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How do blood thinners work?

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Blood thinners don’t actually make your blood thinner or break up clots. However, they do keep blood from forming new clots. They can also slow the growth of existing ones.

Some anticoagulants do this by removing vitamin K from the liver. Your body needs this to make proteins called clotting factors. These help blood cells and platelets (tiny pieces of blood cells) bind together.

Antiplatelets keep platelets from sticking to each other and to the walls of blood vessels. These drugs are weaker than anticoagulants. They’re often prescribed to people at risk for future blood clots, rather than to treat existing ones.

From: Blood Thinner Basics WebMD Medical Reference

SOURCES: American Heart Association: "What Are Anticoagulants and Antiplatelet Agents?" Northwest Primary Care: "Helpful Tips for Those Taking Anticoagulant Medications." Society for Vascular Surgery: "Deep Vein Thrombosis (DVT)." American Academy of Orthopaedic Surgeons: "Deep Vein Thrombosis." UpToDate: "Patient Information: Warfarin (Coumadin)."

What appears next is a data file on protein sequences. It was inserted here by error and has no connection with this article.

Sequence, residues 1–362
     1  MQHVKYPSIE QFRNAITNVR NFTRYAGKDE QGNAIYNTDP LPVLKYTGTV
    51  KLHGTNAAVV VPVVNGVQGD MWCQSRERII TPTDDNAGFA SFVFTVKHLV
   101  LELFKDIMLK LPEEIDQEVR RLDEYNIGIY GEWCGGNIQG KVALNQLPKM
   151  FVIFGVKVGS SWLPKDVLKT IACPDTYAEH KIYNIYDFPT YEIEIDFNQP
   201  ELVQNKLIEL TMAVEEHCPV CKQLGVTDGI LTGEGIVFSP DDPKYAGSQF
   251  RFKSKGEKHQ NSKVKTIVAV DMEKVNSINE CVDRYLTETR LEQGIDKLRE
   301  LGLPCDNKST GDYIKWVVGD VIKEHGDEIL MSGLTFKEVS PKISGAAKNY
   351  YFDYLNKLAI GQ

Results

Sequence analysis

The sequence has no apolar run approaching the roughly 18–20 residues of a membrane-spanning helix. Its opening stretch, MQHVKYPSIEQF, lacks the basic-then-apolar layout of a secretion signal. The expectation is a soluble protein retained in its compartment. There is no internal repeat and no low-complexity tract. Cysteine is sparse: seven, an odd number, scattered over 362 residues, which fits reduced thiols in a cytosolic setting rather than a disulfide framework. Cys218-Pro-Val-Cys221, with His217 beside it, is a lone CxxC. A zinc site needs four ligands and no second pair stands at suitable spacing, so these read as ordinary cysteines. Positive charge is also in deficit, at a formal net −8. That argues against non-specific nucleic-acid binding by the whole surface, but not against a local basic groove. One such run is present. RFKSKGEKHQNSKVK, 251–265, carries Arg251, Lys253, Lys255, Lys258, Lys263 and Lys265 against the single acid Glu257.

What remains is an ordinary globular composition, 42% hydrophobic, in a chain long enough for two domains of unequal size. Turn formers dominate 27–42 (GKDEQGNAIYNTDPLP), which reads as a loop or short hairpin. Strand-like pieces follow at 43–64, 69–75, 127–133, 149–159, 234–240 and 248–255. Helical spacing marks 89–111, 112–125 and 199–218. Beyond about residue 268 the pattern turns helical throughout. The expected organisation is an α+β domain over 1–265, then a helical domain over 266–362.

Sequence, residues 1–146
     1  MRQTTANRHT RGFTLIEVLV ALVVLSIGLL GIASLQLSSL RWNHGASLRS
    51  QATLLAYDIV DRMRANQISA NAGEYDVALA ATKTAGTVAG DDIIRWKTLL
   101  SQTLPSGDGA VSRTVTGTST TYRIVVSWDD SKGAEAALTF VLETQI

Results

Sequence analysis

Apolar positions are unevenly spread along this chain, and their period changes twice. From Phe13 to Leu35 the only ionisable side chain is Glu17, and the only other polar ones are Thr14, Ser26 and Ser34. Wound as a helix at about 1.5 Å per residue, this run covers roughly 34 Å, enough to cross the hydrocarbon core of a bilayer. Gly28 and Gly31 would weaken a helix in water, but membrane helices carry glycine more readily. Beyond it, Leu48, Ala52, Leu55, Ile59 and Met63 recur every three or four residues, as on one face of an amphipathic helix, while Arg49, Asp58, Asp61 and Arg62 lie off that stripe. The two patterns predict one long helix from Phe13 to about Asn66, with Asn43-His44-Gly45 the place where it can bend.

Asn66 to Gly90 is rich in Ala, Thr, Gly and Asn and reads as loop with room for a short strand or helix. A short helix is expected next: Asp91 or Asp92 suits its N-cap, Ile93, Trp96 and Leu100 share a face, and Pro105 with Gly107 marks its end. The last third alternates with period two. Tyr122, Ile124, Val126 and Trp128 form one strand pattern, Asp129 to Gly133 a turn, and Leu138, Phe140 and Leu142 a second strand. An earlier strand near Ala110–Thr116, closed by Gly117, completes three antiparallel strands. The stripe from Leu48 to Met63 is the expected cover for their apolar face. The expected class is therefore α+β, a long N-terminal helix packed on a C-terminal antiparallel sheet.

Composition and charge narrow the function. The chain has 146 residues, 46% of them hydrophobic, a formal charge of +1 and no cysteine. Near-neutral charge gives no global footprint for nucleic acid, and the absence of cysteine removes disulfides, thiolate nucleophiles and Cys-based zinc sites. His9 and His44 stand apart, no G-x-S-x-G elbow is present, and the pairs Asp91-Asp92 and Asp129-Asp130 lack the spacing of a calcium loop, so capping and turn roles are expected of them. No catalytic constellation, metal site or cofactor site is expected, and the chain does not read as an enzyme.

Reviewed by Melinda Ratini on May 20, 2019

SOURCES: American Heart Association: "What Are Anticoagulants and Antiplatelet Agents?" Northwest Primary Care: "Helpful Tips for Those Taking Anticoagulant Medications." Society for Vascular Surgery: "Deep Vein Thrombosis (DVT)." American Academy of Orthopaedic Surgeons: "Deep Vein Thrombosis." UpToDate: "Patient Information: Warfarin (Coumadin)."

Reviewed by Melinda Ratini on May 20, 2019

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Who needs to use blood thinners?

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